An oak tree doesn’t promise how tall it’s going to be when it’s a seed. It doesn’t predict the number of branches it will have or how many leaves it will lose in autumn. It doesn’t promise the squirrels any certain quantity of acorns. It just grows. And while early on, the growth is very visible, no one expects a tree to keep growing until it’s as tall as a mountain. At some point a tree’s growth becomes invisible and simply regenerative. Then the growth stops.
As with all cycles, we’re coming around to a new period – one more affected each day by inflation, war, and possibly recession.
For at least as long as I’ve been working professionally, big growth companies (like tech giants) have enjoyed cheap debt and consumers whose idea of scarcity is waiting the full two years to buy the next iPhone.
The companies that middled (or worse) during this time are likely to be toast in the next year or 2. Their funds will dry up quickly and investors will turn their sights to something less shiny, more predictable, and ultimately familiar.
Companies that grew quickly will try to get that magic back because big growth is all they know. But if they’re not in a commodities business that can make a cheap offering to cost-conscious consumers, or find ways to normalize their operations, or choose projects to ignore while they focus on shoring up fundamentals, they will continue to have to make sacrifices to protect their margins and please their shareholders.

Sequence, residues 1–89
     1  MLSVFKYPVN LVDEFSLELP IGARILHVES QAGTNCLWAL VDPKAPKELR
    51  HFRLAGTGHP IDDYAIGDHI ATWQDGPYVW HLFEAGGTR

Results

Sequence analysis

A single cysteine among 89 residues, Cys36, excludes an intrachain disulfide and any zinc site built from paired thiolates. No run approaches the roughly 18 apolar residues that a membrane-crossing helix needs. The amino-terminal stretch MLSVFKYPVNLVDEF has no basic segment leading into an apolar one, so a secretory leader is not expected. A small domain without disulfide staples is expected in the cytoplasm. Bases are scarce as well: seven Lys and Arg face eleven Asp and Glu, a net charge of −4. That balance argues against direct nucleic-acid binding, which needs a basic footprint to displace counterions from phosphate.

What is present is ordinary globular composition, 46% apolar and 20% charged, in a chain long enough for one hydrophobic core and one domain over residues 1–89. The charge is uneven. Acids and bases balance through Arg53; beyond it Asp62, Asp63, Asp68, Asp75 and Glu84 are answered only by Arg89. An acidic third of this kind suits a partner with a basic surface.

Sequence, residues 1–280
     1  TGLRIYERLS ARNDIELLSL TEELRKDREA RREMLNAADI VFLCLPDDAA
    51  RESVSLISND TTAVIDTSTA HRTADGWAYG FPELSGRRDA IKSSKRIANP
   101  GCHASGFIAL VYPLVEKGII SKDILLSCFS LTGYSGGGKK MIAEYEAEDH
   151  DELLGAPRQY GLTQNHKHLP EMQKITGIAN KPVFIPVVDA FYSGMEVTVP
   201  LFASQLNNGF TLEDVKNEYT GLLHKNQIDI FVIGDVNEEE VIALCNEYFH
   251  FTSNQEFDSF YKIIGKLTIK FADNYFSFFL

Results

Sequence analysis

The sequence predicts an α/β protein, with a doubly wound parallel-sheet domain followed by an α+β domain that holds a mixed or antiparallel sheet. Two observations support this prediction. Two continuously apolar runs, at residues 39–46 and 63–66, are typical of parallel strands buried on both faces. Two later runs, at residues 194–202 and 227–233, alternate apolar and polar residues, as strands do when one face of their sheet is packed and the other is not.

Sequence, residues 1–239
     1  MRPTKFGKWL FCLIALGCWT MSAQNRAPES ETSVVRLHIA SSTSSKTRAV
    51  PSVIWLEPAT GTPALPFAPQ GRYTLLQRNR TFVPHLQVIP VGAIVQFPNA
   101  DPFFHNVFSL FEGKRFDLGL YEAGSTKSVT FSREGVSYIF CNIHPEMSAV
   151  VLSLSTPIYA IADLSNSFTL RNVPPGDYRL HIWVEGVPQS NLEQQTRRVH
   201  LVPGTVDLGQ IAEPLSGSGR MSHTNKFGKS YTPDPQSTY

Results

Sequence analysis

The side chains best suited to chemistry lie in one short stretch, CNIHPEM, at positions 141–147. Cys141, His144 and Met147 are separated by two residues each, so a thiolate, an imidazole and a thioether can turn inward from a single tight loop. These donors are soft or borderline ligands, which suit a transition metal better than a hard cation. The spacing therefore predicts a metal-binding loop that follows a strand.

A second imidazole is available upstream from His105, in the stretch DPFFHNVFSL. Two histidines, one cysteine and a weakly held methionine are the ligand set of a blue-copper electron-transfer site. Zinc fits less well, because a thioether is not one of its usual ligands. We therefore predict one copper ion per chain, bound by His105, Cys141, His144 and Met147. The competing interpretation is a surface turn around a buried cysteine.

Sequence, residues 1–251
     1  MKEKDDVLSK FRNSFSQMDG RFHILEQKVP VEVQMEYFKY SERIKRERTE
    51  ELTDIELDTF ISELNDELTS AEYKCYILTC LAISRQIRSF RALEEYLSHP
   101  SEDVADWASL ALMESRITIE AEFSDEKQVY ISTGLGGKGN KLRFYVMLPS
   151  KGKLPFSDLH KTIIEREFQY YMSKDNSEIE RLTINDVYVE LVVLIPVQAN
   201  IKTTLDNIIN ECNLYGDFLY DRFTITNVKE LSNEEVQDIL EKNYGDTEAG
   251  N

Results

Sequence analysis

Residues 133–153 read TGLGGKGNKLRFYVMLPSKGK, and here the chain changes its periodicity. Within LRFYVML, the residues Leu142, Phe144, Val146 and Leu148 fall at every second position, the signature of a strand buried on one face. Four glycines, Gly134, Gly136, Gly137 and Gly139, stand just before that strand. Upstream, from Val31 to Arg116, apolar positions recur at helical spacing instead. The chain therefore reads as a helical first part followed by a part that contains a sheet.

We can learn from the big growth folks who used to do pretty much anything that even looked like growth – hiring for hiring’s sake or spinning up new projects, spending money because money was cheap and seemingly endless.
Yes, there is still capital, and investors will need to deploy that capital, but they may be more hesitant. They’ll be looking more closely at the relationships and business models to vet opportunities with a new, more pragmatic lens.
This is good news if you’re pragmatic and thorough, if you’re thoughtful and patient; now is your time to shine. But don’t expect big growth. Those rules have changed.
Start small. Deliver exceptional products and services. Get a couple of people so excited about your work that they ask you solve more of their problems. Then figure out how to streamline those operations. Yes, seek growth, but not by ‘big growth’s’ rules.
This still works, it’s only in the necessity of big growth that big spending is required. Big growth incentivizes managers to ‘grow’ – not to build great businesses.
If you work very hard, and if you’re lucky, you may hit a regenerative phase. Just don’t start promising the squirrels how many acorns you’re going to produce.
What's your take...?